WELLINGTON - An ambitious bid to set up a Pacific Islands Super Rugby team has failed after competition organizers decided it was not commercially viable, the Fiji Rugby Union said Thursday.
Including a Pacific team in the Southern Hemisphere competition was seen as a game-changer for rugby in the islands, a hotbed of talent where top players have long headed overseas to chase more lucrative opportunities.
Fiji rugby chief John O’Connor confirmed that a joint bid from Fiji, Samoa and Tonga was submitted in June to Super Rugby governing body SANZAAR, which is currently examining how the competition will be structured from 2021 to 2030.
He said SANZAAR had praised aspects of the bid but ultimately rejected it on commercial grounds, saying it could not deliver “commercial uplift in both broadcasting and guaranteed underwrite.”
“(This) would render the viability of a Pacific Super team under the proposed SANZAAR commercial model unsustainable,” O’Connor said in a statement.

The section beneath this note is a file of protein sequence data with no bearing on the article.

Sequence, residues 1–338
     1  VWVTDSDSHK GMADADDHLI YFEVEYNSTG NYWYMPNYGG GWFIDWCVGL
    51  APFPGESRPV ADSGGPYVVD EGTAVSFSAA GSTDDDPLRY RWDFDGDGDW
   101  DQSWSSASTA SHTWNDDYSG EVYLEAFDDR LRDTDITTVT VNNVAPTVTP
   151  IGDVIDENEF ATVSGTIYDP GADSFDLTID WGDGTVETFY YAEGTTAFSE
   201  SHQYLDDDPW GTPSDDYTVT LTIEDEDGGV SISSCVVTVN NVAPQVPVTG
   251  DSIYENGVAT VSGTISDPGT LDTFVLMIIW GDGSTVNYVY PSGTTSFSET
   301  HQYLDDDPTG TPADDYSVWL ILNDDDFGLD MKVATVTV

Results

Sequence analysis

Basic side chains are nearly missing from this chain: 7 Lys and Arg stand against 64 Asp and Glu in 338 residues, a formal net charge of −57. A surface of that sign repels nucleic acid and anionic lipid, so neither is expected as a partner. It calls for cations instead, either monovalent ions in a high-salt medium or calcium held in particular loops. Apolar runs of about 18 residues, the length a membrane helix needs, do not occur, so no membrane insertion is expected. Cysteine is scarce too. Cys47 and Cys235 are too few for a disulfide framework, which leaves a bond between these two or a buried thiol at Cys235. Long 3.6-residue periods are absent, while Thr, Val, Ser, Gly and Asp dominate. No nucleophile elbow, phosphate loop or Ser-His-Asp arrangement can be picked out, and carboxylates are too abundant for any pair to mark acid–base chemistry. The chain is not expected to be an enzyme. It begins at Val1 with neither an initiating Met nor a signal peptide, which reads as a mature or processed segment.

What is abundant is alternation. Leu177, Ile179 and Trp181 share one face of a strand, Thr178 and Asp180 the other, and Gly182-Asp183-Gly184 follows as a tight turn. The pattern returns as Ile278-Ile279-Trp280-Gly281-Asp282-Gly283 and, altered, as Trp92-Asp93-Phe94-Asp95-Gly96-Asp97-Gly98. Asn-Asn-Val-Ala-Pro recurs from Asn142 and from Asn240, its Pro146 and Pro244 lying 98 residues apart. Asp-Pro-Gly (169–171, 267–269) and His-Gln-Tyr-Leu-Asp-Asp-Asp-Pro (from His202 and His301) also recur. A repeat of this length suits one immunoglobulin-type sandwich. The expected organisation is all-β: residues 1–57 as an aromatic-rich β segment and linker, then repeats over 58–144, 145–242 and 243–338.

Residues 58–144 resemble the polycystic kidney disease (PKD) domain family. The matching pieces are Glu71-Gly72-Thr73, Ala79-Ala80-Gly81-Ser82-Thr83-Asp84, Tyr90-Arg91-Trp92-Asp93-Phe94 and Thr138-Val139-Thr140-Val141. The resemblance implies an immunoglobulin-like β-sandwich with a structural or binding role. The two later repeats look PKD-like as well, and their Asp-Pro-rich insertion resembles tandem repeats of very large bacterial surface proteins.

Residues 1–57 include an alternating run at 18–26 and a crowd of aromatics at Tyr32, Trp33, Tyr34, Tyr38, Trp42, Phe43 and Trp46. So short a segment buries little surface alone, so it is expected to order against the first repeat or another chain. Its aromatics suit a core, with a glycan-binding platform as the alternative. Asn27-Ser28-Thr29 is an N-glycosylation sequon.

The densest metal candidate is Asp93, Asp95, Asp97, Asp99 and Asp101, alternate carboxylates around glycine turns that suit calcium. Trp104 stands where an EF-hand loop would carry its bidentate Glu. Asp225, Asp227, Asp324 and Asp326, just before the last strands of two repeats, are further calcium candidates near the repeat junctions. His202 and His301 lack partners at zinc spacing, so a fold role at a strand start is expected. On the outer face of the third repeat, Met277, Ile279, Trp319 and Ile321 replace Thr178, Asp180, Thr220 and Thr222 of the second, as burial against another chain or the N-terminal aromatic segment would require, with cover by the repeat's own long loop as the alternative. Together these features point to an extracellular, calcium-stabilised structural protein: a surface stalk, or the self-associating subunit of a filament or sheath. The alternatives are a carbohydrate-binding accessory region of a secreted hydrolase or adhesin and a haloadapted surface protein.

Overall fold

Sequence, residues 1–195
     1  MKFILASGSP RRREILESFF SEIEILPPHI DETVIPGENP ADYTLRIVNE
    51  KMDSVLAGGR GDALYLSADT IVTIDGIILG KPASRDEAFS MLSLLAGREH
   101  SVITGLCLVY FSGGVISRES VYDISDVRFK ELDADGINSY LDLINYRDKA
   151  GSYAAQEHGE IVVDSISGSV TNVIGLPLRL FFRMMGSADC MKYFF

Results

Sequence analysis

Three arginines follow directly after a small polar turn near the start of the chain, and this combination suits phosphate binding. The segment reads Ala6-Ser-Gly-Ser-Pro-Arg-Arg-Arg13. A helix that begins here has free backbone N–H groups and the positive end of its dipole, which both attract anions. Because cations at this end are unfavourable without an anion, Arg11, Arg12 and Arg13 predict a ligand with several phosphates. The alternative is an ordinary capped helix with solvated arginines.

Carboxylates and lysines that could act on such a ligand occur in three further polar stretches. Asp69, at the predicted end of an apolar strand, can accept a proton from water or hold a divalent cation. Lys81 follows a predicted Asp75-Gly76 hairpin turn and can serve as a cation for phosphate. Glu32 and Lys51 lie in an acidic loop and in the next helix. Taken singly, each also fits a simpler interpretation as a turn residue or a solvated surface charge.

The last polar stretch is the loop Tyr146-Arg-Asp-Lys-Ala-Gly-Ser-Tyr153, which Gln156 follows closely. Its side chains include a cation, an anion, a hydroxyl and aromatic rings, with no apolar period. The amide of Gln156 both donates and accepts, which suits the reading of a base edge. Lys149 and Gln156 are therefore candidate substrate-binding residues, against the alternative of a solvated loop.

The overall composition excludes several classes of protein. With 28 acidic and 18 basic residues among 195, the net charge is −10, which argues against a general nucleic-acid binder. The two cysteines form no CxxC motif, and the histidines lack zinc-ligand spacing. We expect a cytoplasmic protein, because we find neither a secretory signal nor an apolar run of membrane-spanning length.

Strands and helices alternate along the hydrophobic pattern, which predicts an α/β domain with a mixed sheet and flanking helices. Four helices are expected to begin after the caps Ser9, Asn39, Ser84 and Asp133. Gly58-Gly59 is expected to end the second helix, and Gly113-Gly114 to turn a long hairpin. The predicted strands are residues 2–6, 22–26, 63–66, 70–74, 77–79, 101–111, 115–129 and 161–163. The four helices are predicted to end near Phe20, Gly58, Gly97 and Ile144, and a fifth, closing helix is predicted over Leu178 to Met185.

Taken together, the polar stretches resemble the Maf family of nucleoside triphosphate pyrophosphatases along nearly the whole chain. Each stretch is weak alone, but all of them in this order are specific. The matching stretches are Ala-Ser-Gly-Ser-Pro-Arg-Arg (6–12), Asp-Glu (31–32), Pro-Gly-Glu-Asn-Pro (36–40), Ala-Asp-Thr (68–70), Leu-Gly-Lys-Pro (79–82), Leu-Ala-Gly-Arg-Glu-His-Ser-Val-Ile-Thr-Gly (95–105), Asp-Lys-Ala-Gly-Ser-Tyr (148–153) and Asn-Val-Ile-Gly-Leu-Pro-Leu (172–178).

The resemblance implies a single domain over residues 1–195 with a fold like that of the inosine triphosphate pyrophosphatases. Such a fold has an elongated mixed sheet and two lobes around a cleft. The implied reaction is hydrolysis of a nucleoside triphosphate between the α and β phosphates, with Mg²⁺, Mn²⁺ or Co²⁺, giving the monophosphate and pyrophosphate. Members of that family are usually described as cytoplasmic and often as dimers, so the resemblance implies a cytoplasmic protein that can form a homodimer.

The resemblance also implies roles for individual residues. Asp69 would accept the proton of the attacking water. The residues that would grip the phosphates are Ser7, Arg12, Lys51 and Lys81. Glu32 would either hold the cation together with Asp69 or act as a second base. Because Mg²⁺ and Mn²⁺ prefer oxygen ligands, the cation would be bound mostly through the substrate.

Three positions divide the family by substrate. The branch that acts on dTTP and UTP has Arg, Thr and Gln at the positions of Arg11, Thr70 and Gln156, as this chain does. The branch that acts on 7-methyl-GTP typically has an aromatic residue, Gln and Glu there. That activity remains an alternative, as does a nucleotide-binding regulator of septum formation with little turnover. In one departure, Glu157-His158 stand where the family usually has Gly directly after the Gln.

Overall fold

The Fiji Rugby Union did not detail the costs outlined in the bid but the Pacific Rugby Players’ Association said it would have required a minimum annual investment of $12 million.
The Super Rugby competition currently has 15 teams playing in five nations that straddle numerous timezones, making salaries and accommodation expensive.
SANZAAR has struggled prevent the competition becoming bloated while also expanding into new markets, culling the number of teams from 18 to 15 for the 2018 season.
Further changes are afoot from 2021, with reports in Australia suggesting Japan’s underperforming Sunwolves could be the latest team to face the axe.
SANZAAR has refused to comment, saying no final decisions have been made.